The adjustable focal length gives you best of both a wide angle lens as well as a telephoto lens. The fixed aperture of f/2.8 gives you enough flexibility to capture most detail. The viewfinder has 1.4 million dots, something which is only bested by the highest end DSLRs on offer today. The touchscreen offers tilt and the optical zoom goes up to 10.7x.
The touchscreen also offers autofocus, and the camera can be fully remotely controlled via the official camera link app. The ring around the lens can be twisted to shuffle between the different presets, which is incredibly easy and intuitive to get a hang of. You can also instantaneously mirror all your photos and videos to your smartphone or computer over WiFi.
Now that we’re done with the product reviews, we hope you’ve gained enough insight as to the various products on offer on the market today, the key differences, and what you need to consider while making the purchase. Artwork has a different set of rules for cameras to abide, so make sure you test out the camera thoroughly before making the purchase.
Some Key Terms to Keep in Mind
The few terms which you should keep in mind while considering the cameras are outlined below:
- Shutter Speed: This tells you how quickly the image is captured. You don’t need super fast shutter speeds for artwork, since it’s mostly still and photography is done using a tripod.
- Sensor Size: This is a very big deal. As a rule of thumb, larger the sensor size, the better the image produced. However, larger lenses are more expensive and less ergonomic.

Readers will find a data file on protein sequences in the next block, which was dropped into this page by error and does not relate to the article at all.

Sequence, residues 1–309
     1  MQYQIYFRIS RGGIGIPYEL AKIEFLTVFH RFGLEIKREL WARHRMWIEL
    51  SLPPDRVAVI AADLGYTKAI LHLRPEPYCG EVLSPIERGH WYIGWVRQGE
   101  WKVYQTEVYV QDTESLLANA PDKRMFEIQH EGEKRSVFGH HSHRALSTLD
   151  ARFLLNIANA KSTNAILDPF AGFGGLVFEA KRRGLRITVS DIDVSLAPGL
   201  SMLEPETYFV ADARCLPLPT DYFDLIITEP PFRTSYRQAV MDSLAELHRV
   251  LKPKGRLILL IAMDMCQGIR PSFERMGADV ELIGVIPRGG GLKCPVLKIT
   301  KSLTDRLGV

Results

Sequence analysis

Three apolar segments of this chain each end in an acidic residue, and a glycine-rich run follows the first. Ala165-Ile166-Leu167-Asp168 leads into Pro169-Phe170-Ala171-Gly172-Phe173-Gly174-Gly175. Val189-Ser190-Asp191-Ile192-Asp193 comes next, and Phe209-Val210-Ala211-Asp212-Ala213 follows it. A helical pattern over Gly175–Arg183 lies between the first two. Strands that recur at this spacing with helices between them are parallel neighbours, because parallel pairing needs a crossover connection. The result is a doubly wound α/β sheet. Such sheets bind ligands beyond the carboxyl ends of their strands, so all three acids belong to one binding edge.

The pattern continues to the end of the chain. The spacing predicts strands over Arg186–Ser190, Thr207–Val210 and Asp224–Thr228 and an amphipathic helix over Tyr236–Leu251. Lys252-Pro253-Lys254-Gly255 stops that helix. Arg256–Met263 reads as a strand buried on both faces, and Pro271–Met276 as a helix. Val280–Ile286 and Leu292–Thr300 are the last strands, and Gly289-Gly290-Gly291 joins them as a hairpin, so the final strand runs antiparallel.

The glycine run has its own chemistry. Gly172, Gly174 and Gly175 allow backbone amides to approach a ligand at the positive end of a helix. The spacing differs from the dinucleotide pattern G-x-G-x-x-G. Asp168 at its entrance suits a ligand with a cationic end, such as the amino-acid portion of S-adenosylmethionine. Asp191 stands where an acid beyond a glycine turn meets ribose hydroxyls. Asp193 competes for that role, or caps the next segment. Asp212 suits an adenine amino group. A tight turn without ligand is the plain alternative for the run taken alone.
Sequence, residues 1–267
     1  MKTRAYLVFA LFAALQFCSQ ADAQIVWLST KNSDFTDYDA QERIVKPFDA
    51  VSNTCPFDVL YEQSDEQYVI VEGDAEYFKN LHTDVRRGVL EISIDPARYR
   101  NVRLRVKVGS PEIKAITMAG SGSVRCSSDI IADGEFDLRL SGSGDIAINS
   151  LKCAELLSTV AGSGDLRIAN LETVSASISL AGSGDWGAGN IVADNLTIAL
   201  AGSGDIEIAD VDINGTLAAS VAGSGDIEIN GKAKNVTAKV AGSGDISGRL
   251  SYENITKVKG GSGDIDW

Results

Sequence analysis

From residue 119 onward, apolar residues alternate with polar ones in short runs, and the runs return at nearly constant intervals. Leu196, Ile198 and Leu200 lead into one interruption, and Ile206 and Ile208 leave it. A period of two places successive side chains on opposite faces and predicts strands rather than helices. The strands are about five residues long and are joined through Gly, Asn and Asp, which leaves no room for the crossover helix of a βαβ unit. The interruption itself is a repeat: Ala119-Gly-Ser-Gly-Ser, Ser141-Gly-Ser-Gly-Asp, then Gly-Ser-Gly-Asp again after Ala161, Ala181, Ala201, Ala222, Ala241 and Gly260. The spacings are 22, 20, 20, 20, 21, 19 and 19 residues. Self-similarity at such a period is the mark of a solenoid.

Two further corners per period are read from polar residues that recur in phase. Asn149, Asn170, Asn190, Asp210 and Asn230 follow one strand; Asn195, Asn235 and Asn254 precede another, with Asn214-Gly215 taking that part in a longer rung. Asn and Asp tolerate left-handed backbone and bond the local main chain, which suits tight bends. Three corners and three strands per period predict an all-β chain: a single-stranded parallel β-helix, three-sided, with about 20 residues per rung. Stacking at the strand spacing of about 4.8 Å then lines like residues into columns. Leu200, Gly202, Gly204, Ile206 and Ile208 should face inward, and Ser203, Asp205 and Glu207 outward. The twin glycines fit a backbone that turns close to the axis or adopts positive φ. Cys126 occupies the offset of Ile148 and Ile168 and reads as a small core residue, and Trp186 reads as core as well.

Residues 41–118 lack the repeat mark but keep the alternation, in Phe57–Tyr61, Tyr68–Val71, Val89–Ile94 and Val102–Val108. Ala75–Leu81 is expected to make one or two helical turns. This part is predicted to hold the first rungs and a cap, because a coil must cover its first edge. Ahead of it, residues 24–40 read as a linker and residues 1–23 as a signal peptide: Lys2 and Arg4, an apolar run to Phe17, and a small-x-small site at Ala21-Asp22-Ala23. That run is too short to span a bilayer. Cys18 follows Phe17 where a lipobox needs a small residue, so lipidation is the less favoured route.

- Resolution (in megapixels): This tells you how many pixels there are in each image that is captured. Pixels are nothing but dots which can only have one color. Higher resolution equals more dots, and hence higher quality of print or reproduction – but not better image quality. A megapixel represents one million pixels.
- Image Stabilisation: Image stabilisation refers to removal or prevention of shakiness or blurriness that comes with an unstable hand or vibration. To forego this problem altogether, artwork should be photographed on a tripod.
- RAW Files: These are images that are not compressed in any way by the camera. While JPEG images look better, these have infinitely more flexibility when it comes to post-shoot editing, and hence generally result in a better picture.
- EVF (Electronic Viewfinder): While you may be used to clicking photos from the display, the truth is that the small viewfinder on top of the camera is generally much more crisp and has more dots (in some cases up to 3x as much as the display).
That’s it for today, folks! You’re all primed and ready to get the camera of your choice. Happy hunting!